If you’ve found yourself in the world of AI, machine learning, and all related advancements, perhaps you’ve come to understand the role algorithms play in our lives. The further you go into algorithms, the more you see the patterns already scripted and those yet to be.
For those who may be a little hazy about the term, an algorithm is a set of rules structured to be followed, typically in computers. But many people find themselves living inside social “rules” and having them become larger patterns in life. And our lives eventually become a series of algorithms with occasional breaks in the code. An annual vacation can even become an algorithm if you keep going to the same place, doing the same things, and ordering the same food at the same restaurants. We become a series of code—mere robots moving through life.
And as we become robots, the robots are becoming human.
OK, I admit it: I’ve hired a robot. Actually, a brother-sister team, Amy and Andrew Ingram (AI for short). Their “parents” are New York-based tech startup x.ai. Amy and Andrew are software, not physical robots, and they are designed to help with scheduling. All I do is copy them on a meeting email, and they find time on my calendar for coffee. Yes, there’s some training time to get them up to speed on my patterns (learning my algorithms) and then it’s off to the scheduling races.
They came into my life because one of my colleagues was fooled by a competing AI scheduler named Clara. She emailed the robot, saying, “Keep warm,” thinking Clara was a real person. After we laughed a bit, the realization came rushing in: That scheduling bot passed what’s known as the Turing test, which measures a computer’s ability to exhibit human behavior. (For more context, see the movie The Imitation Game about mathematician Alan Turing.)
The mixture of fear and curiosity that many us feel when considering AI is an emotional cocktail all too familiar to me; human fear blends with marketer’s curiosity. For me, robots stir up the same potpourri of emotions with a sprinkle of paranoia.
So, what do I do when I’m looking at fear and curiosity? I confront it and employ it. Once you hire robots, you need to onboard them, much as you would a human assistant. When and where do you like to take meetings? Do you prefer a call or meet in person? For coffee, lunch, or happy hour? Best times? Favorite meeting spots? Then you let them practice, making sure to tell people your “robot” is handling the scheduling for this meeting. After a handful of those dry runs, you move to AI-assisted scheduling without telling people; you just copy Amy or Andrew on an email and they take care of the details.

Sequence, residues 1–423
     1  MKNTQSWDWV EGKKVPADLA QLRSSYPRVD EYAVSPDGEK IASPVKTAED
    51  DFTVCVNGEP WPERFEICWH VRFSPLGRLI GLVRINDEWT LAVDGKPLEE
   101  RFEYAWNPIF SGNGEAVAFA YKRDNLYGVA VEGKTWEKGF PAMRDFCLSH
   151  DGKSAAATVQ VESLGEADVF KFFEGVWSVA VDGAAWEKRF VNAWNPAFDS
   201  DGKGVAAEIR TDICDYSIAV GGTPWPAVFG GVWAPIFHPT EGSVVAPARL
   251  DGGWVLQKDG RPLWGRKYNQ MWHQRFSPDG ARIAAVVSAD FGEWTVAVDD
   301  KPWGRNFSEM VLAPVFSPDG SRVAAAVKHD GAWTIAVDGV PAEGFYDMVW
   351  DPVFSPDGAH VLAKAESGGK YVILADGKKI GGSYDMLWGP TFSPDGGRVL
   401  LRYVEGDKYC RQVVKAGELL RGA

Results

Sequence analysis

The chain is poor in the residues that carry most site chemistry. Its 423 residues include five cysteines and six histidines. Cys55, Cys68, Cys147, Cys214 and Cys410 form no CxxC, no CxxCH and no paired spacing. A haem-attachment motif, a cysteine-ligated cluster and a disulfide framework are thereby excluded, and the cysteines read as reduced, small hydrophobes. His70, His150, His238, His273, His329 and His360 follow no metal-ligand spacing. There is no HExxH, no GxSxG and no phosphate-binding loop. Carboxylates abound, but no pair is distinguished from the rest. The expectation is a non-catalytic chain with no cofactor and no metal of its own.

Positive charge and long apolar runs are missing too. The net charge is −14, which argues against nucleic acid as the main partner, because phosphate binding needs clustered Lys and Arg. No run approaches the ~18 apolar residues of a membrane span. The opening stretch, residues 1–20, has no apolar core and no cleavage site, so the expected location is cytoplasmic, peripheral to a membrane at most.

For just under $10 per month—the cost of Amy and Andrew’s services—you have removed an annoying, time-consuming task. Almost.
Two weeks into Amy and Andrew’s tenure, a close friend who once ran a billion-dollar division of a local Fortune 50 called the office asking to speak with Amy Ingram. The office had to inform him that Amy isn’t a person, but a robot. (So the Ingrams aren’t flawless—they can be coy about being robots, and sometimes they can be a bit pushy if a human doesn’t respond promptly.) Three months into the job, Amy and Andrew had filled my calendar with 30 to 40 meetings, and a solid 75 percent of my guests never noticed they were robots.
When it was revealed, as an interesting start to a conversation, people reacted much as I had. It turns out this isn’t always a good way to start a meeting with colleagues, friends, or potential clients. People informed me their human admin wasn’t pleased with my robot admin, so for six months, the Ingrams were sent away on hiatus.
But the future is here, and managing my calendar was still painful. So I eased the Ingrams back into work. We’re now 18 months into this experiment, and the Ingrams have found their place in the Capsule team, scheduling the occasional meeting and handling those situations where our human schedulers are overbooked.
So what should you know about AI scheduling assistants and the future of mundane tasks?
Reach out if you’d like to break an algorithm code together. I’ll even schedule it myself.
Aaron Keller (firstname.lastname@example.org)is co-founder and managing principal of Capsule, a Minneapolis branding agency. He co-authored The Physics of Brand, physicsofbrand.com.